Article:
• Five years from now, Google may not be happy that Donny gave serious fuel toward the creation of a true Android-like competitor. Huawei is of no interest to me as phone BTW--at least now. My daughter's Honor 10 has fallen so, so far below expectations--she being a former iPhone user. At least on that one sample, the H10 was not premium, did not 'punch above its weight,' and was no true competitor to the S8, as the pitch implied. That said, Huawei investing billions to stabilize its 'app situation' is the right move. Still raises more questions though. Does that seemingly bottomless well of money to throw at every problem serve to further confirm excessive closeness to the Chinese government?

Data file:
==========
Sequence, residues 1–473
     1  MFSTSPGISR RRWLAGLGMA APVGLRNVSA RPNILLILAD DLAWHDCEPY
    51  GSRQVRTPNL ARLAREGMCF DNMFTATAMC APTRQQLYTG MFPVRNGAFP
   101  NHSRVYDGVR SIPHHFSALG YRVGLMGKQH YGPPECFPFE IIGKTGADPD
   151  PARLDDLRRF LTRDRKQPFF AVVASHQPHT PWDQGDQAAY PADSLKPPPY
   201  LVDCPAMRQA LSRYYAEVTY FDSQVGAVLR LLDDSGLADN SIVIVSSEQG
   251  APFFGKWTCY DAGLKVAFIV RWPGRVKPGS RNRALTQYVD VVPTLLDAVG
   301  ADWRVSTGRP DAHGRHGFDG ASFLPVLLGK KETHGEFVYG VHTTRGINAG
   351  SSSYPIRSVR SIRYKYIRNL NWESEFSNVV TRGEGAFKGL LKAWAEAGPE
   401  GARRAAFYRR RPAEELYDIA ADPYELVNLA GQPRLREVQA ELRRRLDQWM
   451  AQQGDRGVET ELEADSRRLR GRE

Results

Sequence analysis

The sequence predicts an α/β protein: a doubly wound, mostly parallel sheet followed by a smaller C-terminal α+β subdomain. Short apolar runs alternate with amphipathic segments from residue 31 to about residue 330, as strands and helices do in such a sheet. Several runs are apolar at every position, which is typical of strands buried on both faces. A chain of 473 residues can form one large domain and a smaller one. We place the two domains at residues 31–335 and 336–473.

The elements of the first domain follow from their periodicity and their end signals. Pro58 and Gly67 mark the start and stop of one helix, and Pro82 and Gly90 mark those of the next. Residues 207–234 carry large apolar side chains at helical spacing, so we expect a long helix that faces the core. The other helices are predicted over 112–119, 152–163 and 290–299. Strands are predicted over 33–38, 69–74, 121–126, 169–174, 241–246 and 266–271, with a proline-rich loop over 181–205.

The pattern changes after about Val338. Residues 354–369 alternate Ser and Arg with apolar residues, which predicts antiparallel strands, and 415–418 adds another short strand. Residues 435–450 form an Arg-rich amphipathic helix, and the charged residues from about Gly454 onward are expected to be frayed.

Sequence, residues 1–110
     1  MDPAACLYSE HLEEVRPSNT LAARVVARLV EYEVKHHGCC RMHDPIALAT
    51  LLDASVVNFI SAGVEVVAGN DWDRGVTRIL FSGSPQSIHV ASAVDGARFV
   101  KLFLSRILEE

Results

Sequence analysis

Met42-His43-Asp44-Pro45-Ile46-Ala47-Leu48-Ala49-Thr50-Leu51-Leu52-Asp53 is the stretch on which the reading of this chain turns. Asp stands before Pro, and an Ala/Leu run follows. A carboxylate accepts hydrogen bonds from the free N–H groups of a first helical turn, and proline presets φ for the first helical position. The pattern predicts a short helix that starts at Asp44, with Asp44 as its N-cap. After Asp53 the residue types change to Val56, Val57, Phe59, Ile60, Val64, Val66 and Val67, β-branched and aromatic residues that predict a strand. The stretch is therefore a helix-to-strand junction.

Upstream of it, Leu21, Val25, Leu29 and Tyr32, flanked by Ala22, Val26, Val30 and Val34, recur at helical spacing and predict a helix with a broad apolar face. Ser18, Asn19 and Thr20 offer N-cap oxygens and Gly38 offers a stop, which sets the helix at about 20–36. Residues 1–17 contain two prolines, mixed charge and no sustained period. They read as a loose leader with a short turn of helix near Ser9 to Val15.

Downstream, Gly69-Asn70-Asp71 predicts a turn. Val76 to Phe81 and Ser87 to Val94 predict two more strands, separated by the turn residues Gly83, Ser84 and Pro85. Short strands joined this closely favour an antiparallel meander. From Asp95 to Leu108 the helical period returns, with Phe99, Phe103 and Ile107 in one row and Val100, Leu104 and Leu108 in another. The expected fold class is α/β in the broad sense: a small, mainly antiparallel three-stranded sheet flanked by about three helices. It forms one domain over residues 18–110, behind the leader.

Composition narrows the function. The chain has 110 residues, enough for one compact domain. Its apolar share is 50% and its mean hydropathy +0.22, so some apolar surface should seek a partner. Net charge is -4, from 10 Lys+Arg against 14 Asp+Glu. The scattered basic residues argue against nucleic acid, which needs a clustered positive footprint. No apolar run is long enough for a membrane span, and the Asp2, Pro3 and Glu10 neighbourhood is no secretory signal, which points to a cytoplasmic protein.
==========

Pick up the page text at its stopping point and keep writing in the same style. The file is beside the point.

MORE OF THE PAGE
• Can't understand why most developers wouldn't publish their apps in Huawei's app gallery? Would have thought it would be simple to do and they would increase their revenue by 15% with every sale...
  • This is something that will create another opportunity for those who thinks they can develop anything possible. Even my huawei can't access more like it's limited now